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Articles from EDUCATION / TRAINING (185 Articles)

Pinterest is ideal for jewellers but don't be fooled by the myths
Pinterest is ideal for jewellers but don't be fooled by the myths

Don’t be fooled by Pinterest myths

Pinterest operates differently to other social media platforms and, as MELISSA MEGGINSON states, understanding these differences is crucial to maximising impact on this powerful ideas platform.

The blogosphere is awash with theories outlining ways to gain social media followers fast and ways to increase engagement. These theories appear so often, people soak them up as truth when, really, they’re little more than myths.

Such theories exist for all social media platforms but this column will focus on busting Pinterest myths.

The pictorial platform boasts more than 100 million monthly users and recent research suggests 280,000 of those are based in Australia. What’s more, Pinterest is a haven for people planning for their future, including weddings. This means it’s a prime platform for jewellers to take the spotlight.

Without further ado, it’s time to debunk some myths.

Myth #1 – Pinterest is only for middle-aged women

It’s not even feasible that the 100 million-plus users are all middle-aged women interested in DIY activities or recipes. Pinterest is a robust platform that caters to a variety of diverse interests as well as age groups. One-third of Millennials leverage Pinterest to plan for the future and the platform is loaded with inspirational ideas on every conceivable topic, including career planning, business ideas, vacations and, of course, weddings.

In 2014, Pinterest doubled the number of male users on the platform. While they might not make up as large a slice of the market share as women, men are seeing the widespread appeal of the platform, using it to investigate topics they consider difficult such as engagement ring styles.

Myth #2 – post the same content across all platforms

If there is a golden rule in social media, it’s that users optimise for the platform they’re on. The creators of each platform designed the finer details of their medium to meet different needs in the marketplace. Optimising for each platform shows the audience that you understand what they are looking for, which will help to gain traction much faster than replicating cookie-cutter content on every medium.

This doesn’t mean that retailers can’t share the same photo or blog post to each channel. What it does mean is that it’s increasingly important to tailor the layout and description for that platform – Facebook and Twitter leverage landscape photos; Instagram photos are typically square; Pinterest thrives on a vertical layout, maximising the real estate and giving viewers a better chance to engage. Pinterest descriptions also include more details, piquing the interest of users to learn more.

Myth #3 – hashtags work the same on Pinterest

To tackle this myth, here is what the Pinterest Help Centre states: “Stick to one hashtag in your ad description. Hashtags don’t work on Pinterest like they do on other platforms – they don’t help you track what’s trending and they can confuse pinners. If you do include a hashtag, try using your business name or tagline.”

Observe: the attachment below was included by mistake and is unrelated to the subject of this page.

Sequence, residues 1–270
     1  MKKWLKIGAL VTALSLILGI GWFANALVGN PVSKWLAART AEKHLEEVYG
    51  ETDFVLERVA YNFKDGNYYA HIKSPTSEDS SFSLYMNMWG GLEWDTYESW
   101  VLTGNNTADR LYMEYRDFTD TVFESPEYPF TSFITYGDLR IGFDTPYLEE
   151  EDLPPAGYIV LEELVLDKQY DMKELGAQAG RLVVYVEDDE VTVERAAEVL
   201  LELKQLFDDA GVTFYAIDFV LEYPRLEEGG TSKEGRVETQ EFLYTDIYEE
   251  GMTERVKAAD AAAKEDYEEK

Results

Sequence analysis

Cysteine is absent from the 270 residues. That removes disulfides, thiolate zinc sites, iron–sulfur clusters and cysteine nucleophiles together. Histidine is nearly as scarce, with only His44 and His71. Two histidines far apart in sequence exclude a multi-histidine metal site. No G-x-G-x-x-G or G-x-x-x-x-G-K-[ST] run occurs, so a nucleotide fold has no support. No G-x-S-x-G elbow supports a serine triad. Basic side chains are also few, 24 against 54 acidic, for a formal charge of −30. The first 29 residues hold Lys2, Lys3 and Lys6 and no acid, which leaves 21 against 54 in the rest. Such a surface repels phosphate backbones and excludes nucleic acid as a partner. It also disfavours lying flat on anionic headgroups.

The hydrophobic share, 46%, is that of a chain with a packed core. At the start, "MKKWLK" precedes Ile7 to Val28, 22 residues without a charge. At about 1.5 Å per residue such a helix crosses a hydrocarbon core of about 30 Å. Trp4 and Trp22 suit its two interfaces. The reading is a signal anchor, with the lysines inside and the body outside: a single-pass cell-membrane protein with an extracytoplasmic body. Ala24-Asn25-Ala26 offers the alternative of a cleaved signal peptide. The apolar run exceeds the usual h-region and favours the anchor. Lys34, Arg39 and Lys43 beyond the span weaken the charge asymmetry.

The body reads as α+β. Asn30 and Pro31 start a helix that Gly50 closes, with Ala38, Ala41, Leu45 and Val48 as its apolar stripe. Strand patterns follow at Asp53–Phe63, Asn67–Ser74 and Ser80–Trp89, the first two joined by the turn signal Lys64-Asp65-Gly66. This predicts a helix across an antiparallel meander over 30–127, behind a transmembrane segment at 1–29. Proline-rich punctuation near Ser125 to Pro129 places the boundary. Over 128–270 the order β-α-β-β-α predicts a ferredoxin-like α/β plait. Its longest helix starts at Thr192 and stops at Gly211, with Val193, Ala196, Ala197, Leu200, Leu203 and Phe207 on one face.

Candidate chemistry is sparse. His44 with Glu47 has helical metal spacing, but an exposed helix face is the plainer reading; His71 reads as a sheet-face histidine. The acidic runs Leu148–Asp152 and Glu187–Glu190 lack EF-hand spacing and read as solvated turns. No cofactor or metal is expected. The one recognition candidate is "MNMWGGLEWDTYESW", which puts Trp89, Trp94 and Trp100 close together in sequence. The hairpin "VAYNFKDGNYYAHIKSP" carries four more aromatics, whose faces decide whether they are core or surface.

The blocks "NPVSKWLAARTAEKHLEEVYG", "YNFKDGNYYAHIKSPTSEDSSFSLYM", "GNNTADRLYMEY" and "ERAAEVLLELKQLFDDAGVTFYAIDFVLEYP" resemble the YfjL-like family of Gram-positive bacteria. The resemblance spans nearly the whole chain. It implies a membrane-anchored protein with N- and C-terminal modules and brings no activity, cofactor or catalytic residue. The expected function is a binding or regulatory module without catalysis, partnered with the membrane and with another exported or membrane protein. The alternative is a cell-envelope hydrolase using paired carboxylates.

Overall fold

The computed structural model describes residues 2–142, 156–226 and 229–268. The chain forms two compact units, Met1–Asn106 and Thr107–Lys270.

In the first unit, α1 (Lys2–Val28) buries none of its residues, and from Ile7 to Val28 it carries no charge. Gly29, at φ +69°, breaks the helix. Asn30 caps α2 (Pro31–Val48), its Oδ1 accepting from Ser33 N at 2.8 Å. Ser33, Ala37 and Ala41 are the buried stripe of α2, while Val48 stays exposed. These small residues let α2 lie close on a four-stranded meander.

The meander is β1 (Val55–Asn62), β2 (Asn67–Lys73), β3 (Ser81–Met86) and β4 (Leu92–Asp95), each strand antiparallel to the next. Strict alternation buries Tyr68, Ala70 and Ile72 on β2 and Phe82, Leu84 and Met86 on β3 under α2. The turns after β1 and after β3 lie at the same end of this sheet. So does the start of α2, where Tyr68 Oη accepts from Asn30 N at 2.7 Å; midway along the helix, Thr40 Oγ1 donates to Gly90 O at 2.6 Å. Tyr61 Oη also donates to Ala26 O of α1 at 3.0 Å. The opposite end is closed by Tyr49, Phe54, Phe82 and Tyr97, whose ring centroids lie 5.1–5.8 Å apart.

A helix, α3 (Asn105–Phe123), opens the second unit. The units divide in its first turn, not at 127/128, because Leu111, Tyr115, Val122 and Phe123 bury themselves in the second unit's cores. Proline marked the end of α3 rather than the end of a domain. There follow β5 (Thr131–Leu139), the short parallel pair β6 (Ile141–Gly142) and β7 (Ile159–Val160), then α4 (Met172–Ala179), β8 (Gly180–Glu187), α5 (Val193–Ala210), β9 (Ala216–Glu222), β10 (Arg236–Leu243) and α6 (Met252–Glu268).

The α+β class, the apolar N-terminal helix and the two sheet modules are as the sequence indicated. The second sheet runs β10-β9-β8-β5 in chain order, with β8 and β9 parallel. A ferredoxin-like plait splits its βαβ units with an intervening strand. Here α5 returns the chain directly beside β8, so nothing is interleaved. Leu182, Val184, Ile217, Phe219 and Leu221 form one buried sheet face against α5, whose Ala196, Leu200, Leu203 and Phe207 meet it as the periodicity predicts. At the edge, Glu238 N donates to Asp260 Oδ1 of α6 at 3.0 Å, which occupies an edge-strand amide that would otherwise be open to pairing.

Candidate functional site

Pinterest doesn’t use hashtags in the way Twitter or Instagram do. Both of those platforms leverage hashtags to allow users to search for related content but Pinterest fundamentally serves as a search engine, thus eliminating the need for hashtags.

If you do decide to include one in your description, leverage it as a brand recognition tool – this could either be your business name or your tagline. Use them sparingly to direct people to your business, not away from it.

Myth #4 – people should delete pins with no engagement

I’ve saved this myth for last because it’s the one my workplace Tailwind is most passionate about: deleting Pins.

Deleting Pins solely because they didn’t perform well in the first few weeks can be a mistake that cuts your virtual legs out from under you. Many Pins take weeks, if not months, to make their way in front of an influencer whose Repin could take it viral.

Research shows that people who delete Pins see very low Repinning and fail to increase their follower rates. This is equivalent to those who only Pin between one and five times per day.

Did you catch that last part?

I’ll repeat it just to be safe. If you delete Pins frequently, your engagement is equivalent to those who only Pin between one and five times per day, meaning you are doing as well as a person who basically ignores Pinterest completely!

If you’re going to invest time and energy into putting Pins out there, at least allow them the ability to bring returns. Otherwise, you are doing yourself a huge disservice.

We’ll call that myth extra busted.

Melissa Megginson

Contributor • Tailwind

Melissa Megginson is marketing manager at Tailwind, the leading visual marketing tool for brands. Learn more: tailwindapp.com

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